This is a 12 inch by 12 inch hemmed, professionally-printed cotton cloth printed in rich hues of beige and brown with the flower of life drawing. Hang it at eye level so that you can casually stare at it for 20 seconds or so every day.
Use it as a sort of place mat to energetically charge your plate of food or drink.
This sacred geometry flower mandala is perfect for reading cards as a tarot cloth, as an altar cloth. The second photo shows it being used as a tarot cloth with three Rider-Waite tarot deck cards in the pocket size.
The Flower of Life is an example of sacred geometric designs. Essentially, it is comprised of same size circles that overlap each other so that each side of the circle dived by the overlapping circle is the same radius. There are different kinds of geometric flower sacred patterns. Some form a bowed triangle in the center of where the circles overlap.
A Flower of Life pattern decoration with seven or 19 overlapping circles shows up in numerous artifacts from the 6th or 7th century BCE forward in Roman art, Islamic art and in Gothic art. The oldest example is on display in the Louvre in Paris. It is from the threshold of a palace that belonged to the King of Assyria.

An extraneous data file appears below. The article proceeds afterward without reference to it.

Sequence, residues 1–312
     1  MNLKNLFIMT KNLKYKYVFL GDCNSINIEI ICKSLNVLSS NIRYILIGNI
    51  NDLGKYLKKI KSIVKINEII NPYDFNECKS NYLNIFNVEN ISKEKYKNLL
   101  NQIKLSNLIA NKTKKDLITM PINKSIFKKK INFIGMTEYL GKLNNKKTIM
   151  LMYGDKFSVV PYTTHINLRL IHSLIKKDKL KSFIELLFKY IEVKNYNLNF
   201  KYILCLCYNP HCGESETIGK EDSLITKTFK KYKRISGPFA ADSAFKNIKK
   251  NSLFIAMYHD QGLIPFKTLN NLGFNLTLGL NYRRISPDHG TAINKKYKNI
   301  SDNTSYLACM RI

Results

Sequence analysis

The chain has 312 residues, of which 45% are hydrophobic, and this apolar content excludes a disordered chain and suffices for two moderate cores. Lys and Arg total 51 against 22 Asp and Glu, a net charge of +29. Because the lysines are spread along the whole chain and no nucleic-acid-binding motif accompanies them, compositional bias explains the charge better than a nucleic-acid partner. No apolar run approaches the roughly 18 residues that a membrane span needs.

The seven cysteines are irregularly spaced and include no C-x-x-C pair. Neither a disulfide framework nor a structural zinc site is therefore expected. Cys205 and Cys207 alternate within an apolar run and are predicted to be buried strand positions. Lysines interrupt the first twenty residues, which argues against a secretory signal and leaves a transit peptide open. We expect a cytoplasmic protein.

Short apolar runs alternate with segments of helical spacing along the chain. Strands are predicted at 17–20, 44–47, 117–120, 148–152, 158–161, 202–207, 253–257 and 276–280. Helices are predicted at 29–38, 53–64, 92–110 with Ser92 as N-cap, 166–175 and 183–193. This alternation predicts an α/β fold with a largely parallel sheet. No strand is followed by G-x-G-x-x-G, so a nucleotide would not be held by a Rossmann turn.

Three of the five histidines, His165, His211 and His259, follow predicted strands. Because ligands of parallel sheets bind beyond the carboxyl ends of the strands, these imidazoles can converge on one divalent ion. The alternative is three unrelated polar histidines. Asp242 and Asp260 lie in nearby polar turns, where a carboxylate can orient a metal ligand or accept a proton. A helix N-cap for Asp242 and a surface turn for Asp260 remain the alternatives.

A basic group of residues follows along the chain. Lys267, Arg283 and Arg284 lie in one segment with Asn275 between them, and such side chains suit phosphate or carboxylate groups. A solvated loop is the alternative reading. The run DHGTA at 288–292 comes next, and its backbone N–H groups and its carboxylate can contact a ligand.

The design wasn't known as the Flower of Life though until our more recent New Age and now shows up on metaphysical objects, spiritual art, meditation mandalas, quilts, architecture, clothing, furnishings, tile, jewelry and tattoos. There is an Alpine folk art design that is the same thing known as the Sun of the Alps. Later, the English used the symbol on their buildings to keep witches out. Leonardo da Vinci, fascinated by sacred geometry symbols, wrote about the 7 overlapping circle design at great length.
Islamic art uses grids of overlapping circles for for the design of stars and hexagons. It is called a girih. The final art looks more like interwoven strips or straps than overlapping circles.